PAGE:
THE tirade of abuse that has been levelled against Australian tennis great Margaret Court over her stance against same-sex marriage reeks of hypocrisy.
At a time when the marriage equality movement is pushing tolerance, those who dare to offer a counterview are ridiculed for the crime of having an opinion.
Margaret Court's view may not be that of the majority of Australians, based on the polls, but she's entitled to have it.
To suggest an arena bearing her name should be renamed is absurd.
Australia is a country that has freedom of speech.
It's a freedom that was fought for at great cost by men and women during a series of conflicts.
It's a freedom that allows the gay community to fight for what they see as a fundamental human right.
Yet Court's treatment, including on The Project, was demeaning and completely unfair.
The way she has been ridiculed by some is just as bad as the slurs made by some in the church against gay people.
Court bravely presented a viewpoint still shared by many Christians in this country that marriage should be between a man and a woman.
Many in the church have no problem with civil unions but don't believe the Marriage Act should be changed.
Court during the interview said she was interrupted by Waleed Aly and even laughed at.
The media, for its part, has a responsibility to give the other side of the argument a fair hearing.
It shouldn't try to foist its views upon those with contrary views.
"He tried to cut me off, I said no, you're not listening, you're just making fun," she said.
"I pray for our nation, I still love representing my nation."
The Project interview started politely enough when Court was asked by Aly if she was surprised by the reaction to her comments this week.
The way you treated Margaret Court was shameful. If she was a Muslim there would of been no way that you would of treated the way you did— Robert A Robitschek (@RobbieAlexR) May 27, 2017
The tennis great said she had been bullied or intimidated after expressing her opinion.
"The intimidation factor I don't quite understand," Aly replied.
"What is wrong with the CEO of a company like Qantas expressing support for a position that had overwhelming majority support amongst the Australian public and hence his customers, his staff and probably his shareholders?"
@Sausage_n_Chips i'm not personally barracking... what Margaret Court experienced on the Project was religious vilification....— Martorius (@martorius) May 27, 2017
Court said "perhaps that's where I don't agree with you".
"There's very many people in this nation, just normal people out there, farmers and mums and dads, I've been married for 50 years this year and I think you know I may have been a tennis champion, but even as a young person, I'd agree that marriage is between a man and a woman, if people read the first two chapters..."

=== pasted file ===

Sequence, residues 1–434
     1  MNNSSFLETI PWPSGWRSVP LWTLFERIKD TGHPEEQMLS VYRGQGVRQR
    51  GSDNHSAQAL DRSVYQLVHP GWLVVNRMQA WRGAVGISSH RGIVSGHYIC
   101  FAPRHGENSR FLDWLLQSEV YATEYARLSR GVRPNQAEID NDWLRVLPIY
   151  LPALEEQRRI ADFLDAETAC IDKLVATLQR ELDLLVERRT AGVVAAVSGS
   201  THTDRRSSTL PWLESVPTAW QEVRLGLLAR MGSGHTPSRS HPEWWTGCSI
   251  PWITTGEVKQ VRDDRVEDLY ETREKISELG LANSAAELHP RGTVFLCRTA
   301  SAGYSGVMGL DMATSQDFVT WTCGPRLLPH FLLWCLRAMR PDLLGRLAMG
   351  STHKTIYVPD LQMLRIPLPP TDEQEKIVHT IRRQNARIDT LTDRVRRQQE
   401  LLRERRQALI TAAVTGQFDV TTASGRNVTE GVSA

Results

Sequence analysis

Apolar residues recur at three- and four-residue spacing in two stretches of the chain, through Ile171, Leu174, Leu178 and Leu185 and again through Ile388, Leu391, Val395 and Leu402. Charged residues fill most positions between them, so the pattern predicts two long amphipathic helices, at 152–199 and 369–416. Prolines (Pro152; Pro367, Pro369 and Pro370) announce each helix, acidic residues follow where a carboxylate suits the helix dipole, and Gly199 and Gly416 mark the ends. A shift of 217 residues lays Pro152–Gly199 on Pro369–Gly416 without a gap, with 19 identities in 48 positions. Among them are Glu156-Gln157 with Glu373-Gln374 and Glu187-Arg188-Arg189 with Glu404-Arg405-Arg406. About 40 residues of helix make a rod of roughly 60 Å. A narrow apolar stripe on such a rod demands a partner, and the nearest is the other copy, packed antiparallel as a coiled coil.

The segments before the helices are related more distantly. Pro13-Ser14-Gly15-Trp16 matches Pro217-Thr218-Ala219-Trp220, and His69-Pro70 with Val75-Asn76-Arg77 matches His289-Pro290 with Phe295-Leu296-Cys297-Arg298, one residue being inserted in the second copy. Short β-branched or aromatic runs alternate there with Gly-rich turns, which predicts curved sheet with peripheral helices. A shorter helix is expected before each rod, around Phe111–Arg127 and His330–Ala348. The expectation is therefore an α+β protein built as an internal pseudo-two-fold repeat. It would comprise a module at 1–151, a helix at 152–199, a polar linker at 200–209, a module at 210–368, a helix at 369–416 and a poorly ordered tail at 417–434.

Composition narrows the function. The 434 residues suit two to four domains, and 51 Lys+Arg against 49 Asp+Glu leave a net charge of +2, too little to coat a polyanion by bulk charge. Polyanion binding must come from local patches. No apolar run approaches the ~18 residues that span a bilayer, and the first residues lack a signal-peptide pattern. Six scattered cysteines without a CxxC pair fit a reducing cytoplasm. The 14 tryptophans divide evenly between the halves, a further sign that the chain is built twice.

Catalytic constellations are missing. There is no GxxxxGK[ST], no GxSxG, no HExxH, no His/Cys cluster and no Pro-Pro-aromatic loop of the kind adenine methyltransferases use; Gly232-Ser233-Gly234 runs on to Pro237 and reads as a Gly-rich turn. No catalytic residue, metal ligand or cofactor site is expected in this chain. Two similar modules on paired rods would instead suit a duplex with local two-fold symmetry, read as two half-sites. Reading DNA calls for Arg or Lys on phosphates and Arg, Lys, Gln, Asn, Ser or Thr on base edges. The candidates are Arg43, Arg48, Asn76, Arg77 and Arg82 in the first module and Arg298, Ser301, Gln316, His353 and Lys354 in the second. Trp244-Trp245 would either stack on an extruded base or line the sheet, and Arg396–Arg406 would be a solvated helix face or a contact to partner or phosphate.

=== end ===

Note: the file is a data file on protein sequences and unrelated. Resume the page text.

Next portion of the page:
But she couldn't get through her response before she was cut off.
"Margaret, I appreciate that might be your view but there is polling suggesting that 62-64 per cent are in support of this," Aly stated as Court tried to speak.
The host continued to talk over Court as she protested and asked to be allowed to finish.
She was later cut off again by panellist Meshel Laurie as she tried to justify her stance on the issue.
"Yep, yep, yep, I get all that," Meshel said over Court, with laughter from the studio audience.
Court came in the spotlight this week when she penned an open letter stating she would boycott Qantas in protest over the airline's support for same-sex marriage.
"Your statement leaves me no option but to use other airlines (where) possible for my extensive travelling," the letter read.
It caused backlash from the likes of Aussie tennis player Casey Dellaqua, who tweeted "Margaret, enough is enough" and retired tennis player Martina Navratilova, who said "Thank you Qantas for your support. And Margaret - you have gone too far. Shame on you. Maybe it's time to change the name of Margaret Court Arena then...".
Anyone who watched The Project interview can see Court is respectful of gay people, but does not believe the Marriage Act should be changed.
Same-sex advocates argue that Australia is a secular nation with the fundamental principle of a separation of church and state.
That may be the case, but it would be a sad day when the views of the Christian community, which according to Census figures, still represents more than six in 10 Australians, is completely ignored.
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